Businesses struggle to find Irish staff despite jobs crisis
THE unemployment rate may stand at 14.4pc, but a number of businesses are claiming it is impossible to find Irish staff.
Marcus White, a hotelier who manages eight hotels along the western seaboard, said he has had to recruit 180 seasonal workers from overseas, as there were not enough qualified people here.
Meanwhile, the owners of ARE Direct Sales Management contacted Jobs Minister Richard Bruton to express their frustration with job interviewees failing to turn up.
In the past month, 72 people were called for interview for 15 jobs, but only 18 people showed up. Out of the 18, 10 were offered jobs, but only seven people came to work.
Aidan Ryan, John Aylward and James Edinborough set up the firm in Tipperary last year and hope to create up to 75 new jobs by Christmas, but they fear they will be unable to fill them.
"We get the CVs and we work closely with FAS. We advertise too. We give them the date and email to confirm the interview, but you'd be doing well if they'd show up," Mr Ryan said.
The jobs are in sales and employees are expected to go directly to businesses to convince them to change their phone or electricity providers for a better deal.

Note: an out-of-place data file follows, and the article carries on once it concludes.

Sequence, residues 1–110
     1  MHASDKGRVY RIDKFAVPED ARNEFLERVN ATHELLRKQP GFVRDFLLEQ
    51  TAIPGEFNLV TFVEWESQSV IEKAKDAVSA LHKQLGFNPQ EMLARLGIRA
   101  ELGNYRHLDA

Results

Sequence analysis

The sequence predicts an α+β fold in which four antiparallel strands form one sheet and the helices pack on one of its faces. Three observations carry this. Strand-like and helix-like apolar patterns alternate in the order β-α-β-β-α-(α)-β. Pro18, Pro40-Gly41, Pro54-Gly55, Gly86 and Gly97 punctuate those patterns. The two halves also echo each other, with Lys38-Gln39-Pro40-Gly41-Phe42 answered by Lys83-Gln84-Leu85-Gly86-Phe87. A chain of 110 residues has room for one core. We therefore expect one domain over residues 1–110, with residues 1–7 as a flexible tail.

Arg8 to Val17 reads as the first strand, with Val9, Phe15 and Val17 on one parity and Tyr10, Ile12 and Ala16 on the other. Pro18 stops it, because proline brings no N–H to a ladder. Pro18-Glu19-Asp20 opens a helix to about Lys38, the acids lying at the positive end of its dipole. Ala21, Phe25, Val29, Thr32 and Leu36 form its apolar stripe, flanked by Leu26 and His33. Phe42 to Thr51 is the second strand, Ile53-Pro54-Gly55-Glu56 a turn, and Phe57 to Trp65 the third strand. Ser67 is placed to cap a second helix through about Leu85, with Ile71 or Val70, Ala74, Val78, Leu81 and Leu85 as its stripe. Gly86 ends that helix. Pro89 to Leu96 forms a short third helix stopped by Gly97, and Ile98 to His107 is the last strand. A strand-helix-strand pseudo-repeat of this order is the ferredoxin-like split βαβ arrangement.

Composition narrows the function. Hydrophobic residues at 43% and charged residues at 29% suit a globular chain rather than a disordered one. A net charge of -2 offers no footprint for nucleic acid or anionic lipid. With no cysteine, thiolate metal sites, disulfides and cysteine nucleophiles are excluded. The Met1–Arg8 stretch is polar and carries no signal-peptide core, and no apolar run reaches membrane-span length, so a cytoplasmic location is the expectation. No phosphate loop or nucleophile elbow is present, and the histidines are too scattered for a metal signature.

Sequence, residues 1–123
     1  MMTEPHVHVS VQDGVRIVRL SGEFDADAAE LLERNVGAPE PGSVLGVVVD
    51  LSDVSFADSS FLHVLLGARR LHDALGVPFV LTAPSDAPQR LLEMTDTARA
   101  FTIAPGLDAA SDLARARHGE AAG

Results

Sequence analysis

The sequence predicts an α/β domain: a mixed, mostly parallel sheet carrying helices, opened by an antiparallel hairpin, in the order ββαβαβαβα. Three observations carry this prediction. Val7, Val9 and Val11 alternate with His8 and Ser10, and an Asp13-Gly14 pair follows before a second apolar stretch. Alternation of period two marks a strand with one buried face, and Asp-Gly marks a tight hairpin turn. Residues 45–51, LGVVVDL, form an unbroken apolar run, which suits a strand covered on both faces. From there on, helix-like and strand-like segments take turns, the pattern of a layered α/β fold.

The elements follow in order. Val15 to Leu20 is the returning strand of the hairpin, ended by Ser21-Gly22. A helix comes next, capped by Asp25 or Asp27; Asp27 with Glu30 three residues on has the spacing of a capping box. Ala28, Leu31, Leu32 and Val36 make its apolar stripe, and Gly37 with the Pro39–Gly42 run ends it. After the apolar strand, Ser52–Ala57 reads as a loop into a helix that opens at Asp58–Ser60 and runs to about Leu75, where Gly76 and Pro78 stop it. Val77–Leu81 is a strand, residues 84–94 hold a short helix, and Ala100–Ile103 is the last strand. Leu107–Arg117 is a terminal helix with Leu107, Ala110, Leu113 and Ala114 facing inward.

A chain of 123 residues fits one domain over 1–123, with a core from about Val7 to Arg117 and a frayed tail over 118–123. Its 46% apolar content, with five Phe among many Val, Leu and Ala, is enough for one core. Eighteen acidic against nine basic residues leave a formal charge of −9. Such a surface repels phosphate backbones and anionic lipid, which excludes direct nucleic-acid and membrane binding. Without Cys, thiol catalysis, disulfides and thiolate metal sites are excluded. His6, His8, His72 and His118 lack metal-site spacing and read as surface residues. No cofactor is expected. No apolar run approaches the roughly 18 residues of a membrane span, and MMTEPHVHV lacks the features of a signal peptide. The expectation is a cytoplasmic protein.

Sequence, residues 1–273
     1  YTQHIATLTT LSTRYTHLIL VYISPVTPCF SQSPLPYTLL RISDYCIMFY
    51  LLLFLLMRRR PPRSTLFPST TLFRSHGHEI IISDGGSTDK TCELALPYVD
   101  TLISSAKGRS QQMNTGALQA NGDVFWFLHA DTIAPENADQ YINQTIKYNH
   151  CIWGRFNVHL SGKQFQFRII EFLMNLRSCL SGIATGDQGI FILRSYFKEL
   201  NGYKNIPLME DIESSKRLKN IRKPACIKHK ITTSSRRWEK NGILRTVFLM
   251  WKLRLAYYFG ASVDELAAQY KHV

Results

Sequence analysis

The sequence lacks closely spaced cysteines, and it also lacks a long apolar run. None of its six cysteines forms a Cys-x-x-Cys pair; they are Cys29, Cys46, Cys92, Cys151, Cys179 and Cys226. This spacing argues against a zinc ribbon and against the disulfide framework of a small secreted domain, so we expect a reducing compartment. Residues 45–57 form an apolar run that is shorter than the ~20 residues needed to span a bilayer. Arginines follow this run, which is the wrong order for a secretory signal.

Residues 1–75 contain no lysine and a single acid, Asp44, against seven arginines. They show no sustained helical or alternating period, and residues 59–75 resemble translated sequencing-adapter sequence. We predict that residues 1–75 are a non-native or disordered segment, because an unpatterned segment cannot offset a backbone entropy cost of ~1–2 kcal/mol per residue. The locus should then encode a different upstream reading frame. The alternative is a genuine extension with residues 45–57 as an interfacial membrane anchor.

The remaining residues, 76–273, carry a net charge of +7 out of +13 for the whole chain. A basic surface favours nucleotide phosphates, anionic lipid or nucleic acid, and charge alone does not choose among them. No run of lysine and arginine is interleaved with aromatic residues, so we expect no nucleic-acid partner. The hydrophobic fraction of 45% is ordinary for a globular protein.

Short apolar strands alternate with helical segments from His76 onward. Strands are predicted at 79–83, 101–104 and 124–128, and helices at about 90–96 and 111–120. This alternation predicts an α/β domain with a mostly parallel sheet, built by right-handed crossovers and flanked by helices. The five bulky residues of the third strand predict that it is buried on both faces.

It offers all sales reps a company car, a mobile phone and a diesel card on top of bonuses and a basic salary of €21,000 for someone with no experience or €25,000-€30,000 for someone with experience.
"The first thing people say is, 'I'm going to lose my medical card, my rent allowance and my payments. That's worth €410 odd a week to me'," Mr Aylward said.
"People aren't taking into account that this is just a basic salary and they can work for the rest. It's as if the interviewer needs to sell the job now, instead of the other way around."
Marcus White runs runs four hotels in Clare, three in Donegal and one in Kerry. "There are simply not enough qualified workers here in Clare -- they have all emigrated or gone elsewhere," Mr White said.
Positions are available for all aspects of the trade, from hotel management to restaurant and bedroom staff. Pay starts at the minimum wage of €8.65 and graduates upwards for the more senior positions.
"I can't just take someone in off the street and say: 'Here, start serving the bar.' They need to have the experience or training. There are no young people left in Clare with these skills," Mr White said.
There are over 10,000 people unemployed in Clare.